Microsoft has made it so that Windows 8 approved PC can only run Windows 8. Fedora Linux has forged a way around it, but not everyone like their approach. Torvalds gives his thoughts on the issue.
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The country is making headway on a pilot scheme to move public-sector bodies from proprietary to free and open-source software, though Oracle and other products could create hurdles
Recently I was reminded yet again of why I purposely avoid Microsoft products altogether. I wrote a while ago about migrating a relative from Windows 2000 to Fedora Linux 14.
Software updates are one of the main areas of IT, mainly because of continuous security and enhancement updates. Microsoft usually releases a huge number of security updates each month, and even though they get criticised for this, GNU/Linux has a high number of updates as well, particularly Fedora which is treated as beta or cutting edge versions of free and open source software.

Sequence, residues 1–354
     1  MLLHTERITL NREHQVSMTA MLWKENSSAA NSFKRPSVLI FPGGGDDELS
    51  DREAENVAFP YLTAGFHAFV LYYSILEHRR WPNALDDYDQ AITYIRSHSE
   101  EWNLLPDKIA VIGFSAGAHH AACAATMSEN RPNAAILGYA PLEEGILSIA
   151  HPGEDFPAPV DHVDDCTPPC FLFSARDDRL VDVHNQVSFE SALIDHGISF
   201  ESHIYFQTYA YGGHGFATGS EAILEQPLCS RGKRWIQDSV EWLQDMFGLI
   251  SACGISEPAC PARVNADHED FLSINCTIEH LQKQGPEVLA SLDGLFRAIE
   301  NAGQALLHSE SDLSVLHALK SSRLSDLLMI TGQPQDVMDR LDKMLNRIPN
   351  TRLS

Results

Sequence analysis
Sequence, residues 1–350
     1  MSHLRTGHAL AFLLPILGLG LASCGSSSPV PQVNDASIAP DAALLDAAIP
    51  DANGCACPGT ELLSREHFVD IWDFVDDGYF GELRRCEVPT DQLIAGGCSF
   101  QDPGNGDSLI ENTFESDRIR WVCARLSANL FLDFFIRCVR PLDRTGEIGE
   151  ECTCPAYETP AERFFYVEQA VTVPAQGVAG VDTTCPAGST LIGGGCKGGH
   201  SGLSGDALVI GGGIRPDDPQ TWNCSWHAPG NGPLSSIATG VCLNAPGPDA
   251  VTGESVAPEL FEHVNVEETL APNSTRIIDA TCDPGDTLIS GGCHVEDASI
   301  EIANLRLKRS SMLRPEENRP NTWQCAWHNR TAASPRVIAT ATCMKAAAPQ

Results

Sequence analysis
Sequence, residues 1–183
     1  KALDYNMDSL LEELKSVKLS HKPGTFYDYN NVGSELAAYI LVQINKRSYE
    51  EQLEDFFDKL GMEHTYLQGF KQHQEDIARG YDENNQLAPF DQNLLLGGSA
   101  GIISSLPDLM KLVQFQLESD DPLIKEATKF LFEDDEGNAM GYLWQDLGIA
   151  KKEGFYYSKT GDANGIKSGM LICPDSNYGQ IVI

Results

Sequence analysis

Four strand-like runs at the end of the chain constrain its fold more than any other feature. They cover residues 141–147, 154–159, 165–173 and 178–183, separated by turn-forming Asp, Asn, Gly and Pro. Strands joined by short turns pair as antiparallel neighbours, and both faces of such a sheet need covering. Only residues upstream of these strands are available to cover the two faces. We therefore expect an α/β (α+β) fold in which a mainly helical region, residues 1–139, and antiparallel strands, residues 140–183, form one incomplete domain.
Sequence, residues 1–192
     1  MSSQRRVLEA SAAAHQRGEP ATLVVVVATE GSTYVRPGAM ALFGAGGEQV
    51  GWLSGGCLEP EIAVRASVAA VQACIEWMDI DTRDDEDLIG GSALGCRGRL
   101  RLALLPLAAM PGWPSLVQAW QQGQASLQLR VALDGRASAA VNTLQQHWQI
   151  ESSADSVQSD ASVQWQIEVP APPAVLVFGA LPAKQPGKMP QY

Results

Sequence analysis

The many incarnations and distributions of open-source operating systems such as Linux, Red Hat and Ubuntu have received widespread acclaim for years, but is the penguin catching on in corporate Australia? Or is it being left out in the cold?
Fedora 11 comes with new virtualisation features, support for fingerprint readers and the promised ability for any email client to tap into Microsoft Exchange
Fedora 11 comes with new virtualization features, support for fingerprint readers and the promised ability for any email client to tap into Microsoft Exchange.
Release 11 of Red Hat's Fedora project will include OpenChange, a technology designed to give any email client native access to Microsoft Exchange
Red Hat is not going to let the Microsoft-Novell partnership dim its own prospects for interoperability.That seems to be the case with the Red Hat-sponsored open source Fedora project, which plans to release on June 9 a major upgrade of its free Linux that offers robust integration with Microsoft Exchange via a new feature called OpenChange.